Brian Mason knew how to work a room and left the New Democratic Party better than he found it, said a local NDP supporter.
Mason announced his resignation as Alberta party leader on Tuesday. He has been leader for 10 years and brought growth to the party, which has four seats in the legislature.
Stephen Merredew, president of the Red Deer federal riding association, said Mason always knew how to work a room. He’d talk with people while working his way to make a speech.
“They wouldn’t even realize he was the leader if they weren’t plugged in,” said Merredew.
“They’d be laughing along and next thing you know Mason walks up to the microphone and starts talking. He had that common-man’s touch.
“He never backed down on any of the convictions he felt were in the best interest of working Albertans, no matter the political pressure. Ralph Klein calling him all kinds names and Mason still refused to back down on the issue of private health care.”
Recently Mason teamed up with an opposition leader, Wildrose’s Danielle Smith, to go on a provincial political tour. The two would debate in a left versus right ideological showdown.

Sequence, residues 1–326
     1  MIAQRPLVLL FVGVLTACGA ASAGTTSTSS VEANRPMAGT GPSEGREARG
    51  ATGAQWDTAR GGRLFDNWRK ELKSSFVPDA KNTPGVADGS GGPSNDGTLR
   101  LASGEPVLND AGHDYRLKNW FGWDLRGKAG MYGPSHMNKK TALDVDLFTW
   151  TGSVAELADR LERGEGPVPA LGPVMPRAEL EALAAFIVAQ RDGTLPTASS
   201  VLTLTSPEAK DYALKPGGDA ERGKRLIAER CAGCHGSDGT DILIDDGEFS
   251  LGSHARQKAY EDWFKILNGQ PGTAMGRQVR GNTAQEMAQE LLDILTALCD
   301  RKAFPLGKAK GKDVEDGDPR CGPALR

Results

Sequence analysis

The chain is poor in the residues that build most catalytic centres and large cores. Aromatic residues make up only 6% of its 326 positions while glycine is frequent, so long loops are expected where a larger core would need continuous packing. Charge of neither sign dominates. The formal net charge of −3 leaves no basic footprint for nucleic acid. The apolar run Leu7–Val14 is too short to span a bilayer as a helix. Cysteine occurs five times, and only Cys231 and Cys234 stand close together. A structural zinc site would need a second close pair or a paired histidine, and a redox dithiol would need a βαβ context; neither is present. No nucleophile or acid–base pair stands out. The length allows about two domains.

“They came to Red Deer College and presented ‘Enough of this wishy-washy Tory flip-flopping policy we’ve dealt with for 40 years. Let’s have it out here in black and white,’ ” said Merredew. “What kind of society do we really want here in Alberta?
“Brian held his own with wit and candour. That was possible because he has such a respectful relationship with all members of the legislature, for the most part.”
The leadership vote to replace him will take place in October, along side the party’s usual fall convention.
“Fundraising is way ahead of where it was when he took over and membership is up and all sorts of good things,” said Merredew.
“But when you’re 60 and the next election is a couple of years out and you have a young, small caucus they get lots of exposure, I guess he figured it was time to let them step up.”
Merredew said all of the other three NDP members in the legislature would be worthy leaders.
Mason’s resignation is effective Oct. 19, more than decade after he was first named party leader. He will stay on as MLA for his riding. No candidates to replace him have come forward yet.